Faculty Post: A Reflection on the Future of Legal Education

by Luke Bierman, Associate Dean for Experiential Education and Distinguished Professor of the Practice of Law

The Northeastern University School of Law Class of 2014 will graduate at the end of May, leaving the members of this class with just one more quarter to spend as students at the law school.  Some of these students are completing their last classes as they prepare to head off to co-op.  The rest of these students are starting to appear in the Dockser Commons as they return from co-op for their last classes before graduation.

This group of students arrived at the law school in August 2011, shortly after I began working at Northeastern.  They appeared here full of enthusiasm and excitement and certainly a tad nervous.  In this way, we shared the usual emotions in beginning a new endeavor.  As these students now complete their adventure through the rigorous experience that is Northeastern University School of Law and I watch them go through their various “lasts,” I find myself simultaneously wistful and wishful – a bit sad for the passage of productive and happy times we spent working together yet very hopeful in seeing the results of the students’ professional maturation and preparation.

I am struck, from the perspective of three years hence the students’ matriculation, by just how different the students are, and concomitantly how similar they are.  The students came in smart, idealistic, energetic and ambitious and they leave demonstrating these characteristics albeit sharpened by their experiences so that they now seem more savvy, more aware, more focused.  Of course, they think and talk and act more like lawyers, which is the inevitable consequence of not just three years of law classes but a full year of practical experiences while out on co-op essentially being lawyers, or as close as you can be without actually being one.  They do not seem to have set aside their individual personalities, as the pranksters and artists and athletes and writers and cooks and travelers remain evident when we spend time together.  But they seem wiser about the world and how to participate in it in more meaningful ways.  They seem more attuned to the nuances of activities and how they might interact in ways that are significant in causing effects.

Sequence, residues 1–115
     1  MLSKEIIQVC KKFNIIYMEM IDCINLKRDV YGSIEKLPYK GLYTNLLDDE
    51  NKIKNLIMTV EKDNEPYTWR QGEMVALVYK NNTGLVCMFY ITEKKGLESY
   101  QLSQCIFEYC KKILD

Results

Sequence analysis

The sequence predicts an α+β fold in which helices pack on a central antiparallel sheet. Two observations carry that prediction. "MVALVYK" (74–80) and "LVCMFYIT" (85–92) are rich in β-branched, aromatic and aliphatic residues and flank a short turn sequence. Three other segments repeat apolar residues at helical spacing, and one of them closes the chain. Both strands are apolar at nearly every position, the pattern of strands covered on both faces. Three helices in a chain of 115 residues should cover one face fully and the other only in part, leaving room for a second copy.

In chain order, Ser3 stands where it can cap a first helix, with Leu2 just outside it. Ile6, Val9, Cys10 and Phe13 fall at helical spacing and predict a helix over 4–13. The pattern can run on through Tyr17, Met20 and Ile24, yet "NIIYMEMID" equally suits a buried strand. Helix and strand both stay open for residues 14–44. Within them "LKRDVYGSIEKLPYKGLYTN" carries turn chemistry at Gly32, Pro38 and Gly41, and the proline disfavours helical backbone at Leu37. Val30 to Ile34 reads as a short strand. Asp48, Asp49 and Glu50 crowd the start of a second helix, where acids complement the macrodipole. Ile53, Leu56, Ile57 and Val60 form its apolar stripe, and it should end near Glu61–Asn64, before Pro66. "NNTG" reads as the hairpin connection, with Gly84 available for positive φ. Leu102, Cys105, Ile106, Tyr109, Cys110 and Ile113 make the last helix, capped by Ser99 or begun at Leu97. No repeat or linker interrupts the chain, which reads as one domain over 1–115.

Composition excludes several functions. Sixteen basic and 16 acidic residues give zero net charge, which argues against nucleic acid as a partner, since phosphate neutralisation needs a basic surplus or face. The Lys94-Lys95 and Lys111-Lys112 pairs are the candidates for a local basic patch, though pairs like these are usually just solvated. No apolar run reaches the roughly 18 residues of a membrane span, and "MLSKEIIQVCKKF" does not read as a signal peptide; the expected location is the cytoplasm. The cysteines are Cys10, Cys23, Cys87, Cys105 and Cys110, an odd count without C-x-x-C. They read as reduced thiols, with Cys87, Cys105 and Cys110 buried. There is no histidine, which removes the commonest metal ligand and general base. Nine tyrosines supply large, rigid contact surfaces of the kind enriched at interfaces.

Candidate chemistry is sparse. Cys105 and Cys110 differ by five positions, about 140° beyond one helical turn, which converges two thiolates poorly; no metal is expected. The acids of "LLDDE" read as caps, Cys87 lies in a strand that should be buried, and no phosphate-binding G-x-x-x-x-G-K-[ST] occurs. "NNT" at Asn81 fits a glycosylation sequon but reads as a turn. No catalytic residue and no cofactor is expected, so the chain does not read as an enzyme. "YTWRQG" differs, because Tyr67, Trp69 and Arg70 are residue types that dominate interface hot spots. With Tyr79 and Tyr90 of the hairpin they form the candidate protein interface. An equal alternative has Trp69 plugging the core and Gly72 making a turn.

And, of course, these observations serve as a mirror upon my own professional activities, for you can’t spend as much time as we spent together and not catch some of that reflected haze.  This has been a time of profound upheaval in legal education, with a dramatic drop in the number of prospective students and an equally dramatic rise in the attention given to experiential learning.  It is noteworthy that when I arrived at Northeastern, the number of those who shared a title like mine could be counted on one hand; now there are more than 50 of us.  Aside from being among the first to recognize the importance of experiential education with a dean solely and fully committed to practical education, Northeastern remains the only law school in the country that requires of and makes available to each and every JD student a year of full time practice experience before graduation.  This immersive and iterative experience, which also is integrated into the classroom experiences, sets this law school apart from each and every other law school and there is mounting evidence that this educational experience accelerates the students’ professional development.  That is why we like to think that Northeastern reflects the future of legal education, and has for almost 50 years.  And that is why the students who are completing their time at Northeastern look like they did three years ago, but better.

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